Norman Corwin, legendary radio poet, dies at 101
Norman Corwin, the legendary writer, director and producer of original radio plays for CBS during the golden age of radio in the 1930s and '40s when he was revered as the "poet of the airwaves," died Tuesday. He was 101.
Corwin, a journalist, playwright, author and Oscar-nominated screenwriter who was inducted into the Radio Hall of Fame in 1993, died at his home in Los Angeles, said his caregiver, Chris Borjas. The cause was not given.
With his often poetic words, Corwin moved and entertained a generation of listeners tuned to the CBS Radio Network during the late 1930s and '40s with landmark broadcasts ranging from celebrations of the Bill of Rights and the Allied victory in Europe to a light-hearted rhyming play about a demonic plot to overthrow Christmas.
Corwin's programs, which CBS aired without sponsors, are considered classics of the era when radio was the primary news and entertainment venue for Americans.
"He was the best radio writer-producer-director in the whole history of radio," Ray Bradbury, a longtime friend of Corwin's, told The Times in 2002. "There was no one like him. He dominated the field."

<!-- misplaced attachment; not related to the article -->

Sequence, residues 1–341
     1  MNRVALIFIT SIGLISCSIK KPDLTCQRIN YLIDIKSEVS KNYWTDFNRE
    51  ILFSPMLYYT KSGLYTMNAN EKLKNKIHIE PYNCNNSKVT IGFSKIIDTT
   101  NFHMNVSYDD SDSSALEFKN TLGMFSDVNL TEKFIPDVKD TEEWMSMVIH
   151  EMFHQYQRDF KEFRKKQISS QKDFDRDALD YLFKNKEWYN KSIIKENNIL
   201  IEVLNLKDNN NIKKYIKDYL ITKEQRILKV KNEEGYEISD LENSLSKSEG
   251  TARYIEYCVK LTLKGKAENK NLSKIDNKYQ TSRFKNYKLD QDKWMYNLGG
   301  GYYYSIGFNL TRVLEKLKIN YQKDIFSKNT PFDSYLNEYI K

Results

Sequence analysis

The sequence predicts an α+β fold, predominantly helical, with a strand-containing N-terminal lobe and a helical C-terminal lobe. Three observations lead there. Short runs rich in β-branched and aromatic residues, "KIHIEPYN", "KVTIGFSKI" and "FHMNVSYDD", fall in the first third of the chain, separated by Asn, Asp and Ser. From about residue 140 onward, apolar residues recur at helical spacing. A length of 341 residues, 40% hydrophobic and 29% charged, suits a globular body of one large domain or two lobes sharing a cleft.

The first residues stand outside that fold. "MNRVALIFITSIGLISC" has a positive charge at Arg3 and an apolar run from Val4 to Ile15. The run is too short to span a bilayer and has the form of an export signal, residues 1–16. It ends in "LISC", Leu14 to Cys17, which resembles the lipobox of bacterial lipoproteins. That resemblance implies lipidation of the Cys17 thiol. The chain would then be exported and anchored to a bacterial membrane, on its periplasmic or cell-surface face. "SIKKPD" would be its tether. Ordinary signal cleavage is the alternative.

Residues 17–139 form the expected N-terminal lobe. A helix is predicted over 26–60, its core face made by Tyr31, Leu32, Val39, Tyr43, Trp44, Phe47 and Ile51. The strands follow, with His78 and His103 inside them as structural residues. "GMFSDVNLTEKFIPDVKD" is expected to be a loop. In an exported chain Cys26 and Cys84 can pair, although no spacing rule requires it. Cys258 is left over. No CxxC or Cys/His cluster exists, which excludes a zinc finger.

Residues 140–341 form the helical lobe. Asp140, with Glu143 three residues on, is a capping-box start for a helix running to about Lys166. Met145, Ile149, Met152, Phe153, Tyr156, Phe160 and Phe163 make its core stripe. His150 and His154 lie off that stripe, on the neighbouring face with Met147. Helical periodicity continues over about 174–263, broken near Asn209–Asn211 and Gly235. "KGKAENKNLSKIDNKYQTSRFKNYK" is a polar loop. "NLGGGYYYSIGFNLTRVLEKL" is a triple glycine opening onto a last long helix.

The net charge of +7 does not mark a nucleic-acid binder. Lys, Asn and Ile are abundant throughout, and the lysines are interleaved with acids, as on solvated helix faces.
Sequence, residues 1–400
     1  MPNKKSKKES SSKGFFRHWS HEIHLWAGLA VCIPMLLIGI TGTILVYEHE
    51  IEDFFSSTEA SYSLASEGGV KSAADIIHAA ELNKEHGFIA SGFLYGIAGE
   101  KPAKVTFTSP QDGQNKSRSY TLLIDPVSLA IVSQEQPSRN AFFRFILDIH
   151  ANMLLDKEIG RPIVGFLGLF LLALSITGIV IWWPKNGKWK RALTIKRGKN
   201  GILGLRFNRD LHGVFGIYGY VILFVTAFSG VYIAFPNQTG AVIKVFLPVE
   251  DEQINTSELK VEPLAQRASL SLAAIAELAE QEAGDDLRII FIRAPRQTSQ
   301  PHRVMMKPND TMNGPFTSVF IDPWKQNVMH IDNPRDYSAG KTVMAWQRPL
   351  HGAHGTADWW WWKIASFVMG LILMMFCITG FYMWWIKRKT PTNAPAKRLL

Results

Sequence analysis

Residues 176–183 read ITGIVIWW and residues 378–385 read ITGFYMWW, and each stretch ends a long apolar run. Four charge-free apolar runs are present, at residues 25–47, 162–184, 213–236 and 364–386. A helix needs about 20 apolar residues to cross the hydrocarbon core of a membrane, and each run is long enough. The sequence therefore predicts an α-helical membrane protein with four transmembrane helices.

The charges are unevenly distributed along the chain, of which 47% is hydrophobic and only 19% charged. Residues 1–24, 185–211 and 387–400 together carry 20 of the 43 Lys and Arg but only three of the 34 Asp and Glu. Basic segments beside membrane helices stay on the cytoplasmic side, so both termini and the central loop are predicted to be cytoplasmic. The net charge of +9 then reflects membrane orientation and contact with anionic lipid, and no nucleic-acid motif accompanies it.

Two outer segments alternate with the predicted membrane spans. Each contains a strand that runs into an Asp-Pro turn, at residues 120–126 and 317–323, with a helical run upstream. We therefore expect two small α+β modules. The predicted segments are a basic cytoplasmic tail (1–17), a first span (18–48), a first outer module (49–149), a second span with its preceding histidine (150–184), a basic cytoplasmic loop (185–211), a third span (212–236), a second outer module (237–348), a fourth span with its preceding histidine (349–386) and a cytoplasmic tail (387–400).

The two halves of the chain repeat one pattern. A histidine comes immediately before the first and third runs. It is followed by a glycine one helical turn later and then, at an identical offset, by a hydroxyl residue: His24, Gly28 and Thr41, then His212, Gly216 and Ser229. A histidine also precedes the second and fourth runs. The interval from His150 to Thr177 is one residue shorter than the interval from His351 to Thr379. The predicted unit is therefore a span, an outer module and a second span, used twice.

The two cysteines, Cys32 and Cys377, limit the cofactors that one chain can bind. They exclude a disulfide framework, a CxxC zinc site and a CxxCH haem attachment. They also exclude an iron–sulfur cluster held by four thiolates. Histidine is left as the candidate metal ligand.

Born in Boston on May 3, 1910, Corwin attended public schools in Boston and Winthrop, Mass., and launched his writing career on the Greenfield (Mass.) Recorder at age 17.
He was writing for the Springfield (Mass.) Republican and reading the nightly news on Springfield radio station WBZA in the early '30s when he proposed an alternative to the radio tradition of offering poetry readings accompanied by organ music.
Corwin is survived by two children, daughter, Diane and son, Anthony.
A complete obituary will follow at latimes.com/obits.
-- Dennis McLellan
Photo: Norman Corwin narrates his CBS documentary on flight in 1946. Credit: Los Angeles Times